A Look Back At … When Ithaca was ‘Sodom’

By Charley Githler
Tompkins Weekly

Tompkins County was formed from pieces carved out of Seneca and Cayuga counties in 1817, with Ithaca as its county seat. Yet to the visitor of what was then a small but boisterous hamlet, such a lofty designation might have seemed downright shocking.

Image Provided A map of what Ithaca looked like in 1807 -- when it was a much smaller version of what we know today.
Image Provided
A map of what Ithaca looked like in 1807 — when it was a much smaller version of what we know today.

Ithaca is known today for its festivals, institutions of higher learning, and stately 19th century architecture contrasted hard by shiny new glass buildings. There are art house movie theaters, stores that specialize in artisanal olive oils and great restaurants. One could be persuaded that the city is a center of culture and learning.
Ithaca’s reputation 200 years ago was considerably different. A village of a few hundred, known for brawling, intemperate alcohol consumption, rowdiness, licentiousness and myriad other forms of “wickedness,” it had earned a nickname to reflect its notoriety… “Sodom.”
It was geopolitics that gave Ithaca its first commercial boost. The embargo of all things British in the War of 1812 cut off the supply of Nova Scotia gypsum – a chalky lime compound used in fertilizer and plaster – making Ithaca a key transit point for the gypsum supply from near the Onondaga salt works. Great quantities of gypsum were being floated down Cayuga Lake to Ithaca, where it would then be carted by land to Owego and the Susquehanna River. Suddenly, a horde of transient boatmen, carpenters, teamsters, coopers, wheel-makers and other miscellaneous laborers, sometimes as many as 200 of them, descended on Ithaca.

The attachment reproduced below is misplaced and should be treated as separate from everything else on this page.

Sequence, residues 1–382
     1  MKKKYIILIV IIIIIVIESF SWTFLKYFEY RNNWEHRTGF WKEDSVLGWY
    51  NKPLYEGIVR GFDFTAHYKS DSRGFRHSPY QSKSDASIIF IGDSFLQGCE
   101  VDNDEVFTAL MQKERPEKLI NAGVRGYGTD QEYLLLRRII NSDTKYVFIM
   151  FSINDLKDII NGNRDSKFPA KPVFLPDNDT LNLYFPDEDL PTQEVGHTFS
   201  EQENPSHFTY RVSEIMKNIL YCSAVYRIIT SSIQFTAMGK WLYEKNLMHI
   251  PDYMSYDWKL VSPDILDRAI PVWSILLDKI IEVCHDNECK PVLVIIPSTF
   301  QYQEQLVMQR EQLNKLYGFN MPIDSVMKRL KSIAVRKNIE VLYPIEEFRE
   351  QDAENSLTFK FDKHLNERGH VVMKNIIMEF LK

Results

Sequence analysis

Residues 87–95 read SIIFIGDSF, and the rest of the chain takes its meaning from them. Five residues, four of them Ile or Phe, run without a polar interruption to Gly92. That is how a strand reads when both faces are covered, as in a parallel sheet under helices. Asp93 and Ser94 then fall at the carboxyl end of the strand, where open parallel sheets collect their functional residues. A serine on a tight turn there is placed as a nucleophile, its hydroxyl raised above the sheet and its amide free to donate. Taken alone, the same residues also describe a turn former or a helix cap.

It had been a quiet rural hamlet, only very recently a frontier outpost. The Catskill Turnpike (basically Route 79) came through the village, the Ithaca-Owego turnpike (basically Route 96 south of Ithaca) had opened in 1811, and there was a post office, a hotel, taverns, stores, mills and a tannery. Still, it was a village of only 400 in 1816, and as much of what is now downtown continued to be swamp, roads were muddy and there was frequent flooding. Pigs roamed freely and smoke from potash fires often hung low in the valley. There were still a number of Native American burial mounds. And yet, there were houses, and businesses, and hopes for the future. It was a village only starting to find its identity and the arrival of a couple of hundred footloose, temporary laborers wreaked havoc on the peace and quiet of the community.
According to the History of the First Presbyterian Church of Ithaca, “This influx of boatmen and teamsters, who were engaged in their work seven days in the week, with no intervening day of rest, and very little if any religious influence exerted upon them, soon made the place as proverbial for its wickedness as it was for its rapid growth and the increase of its business facilities.”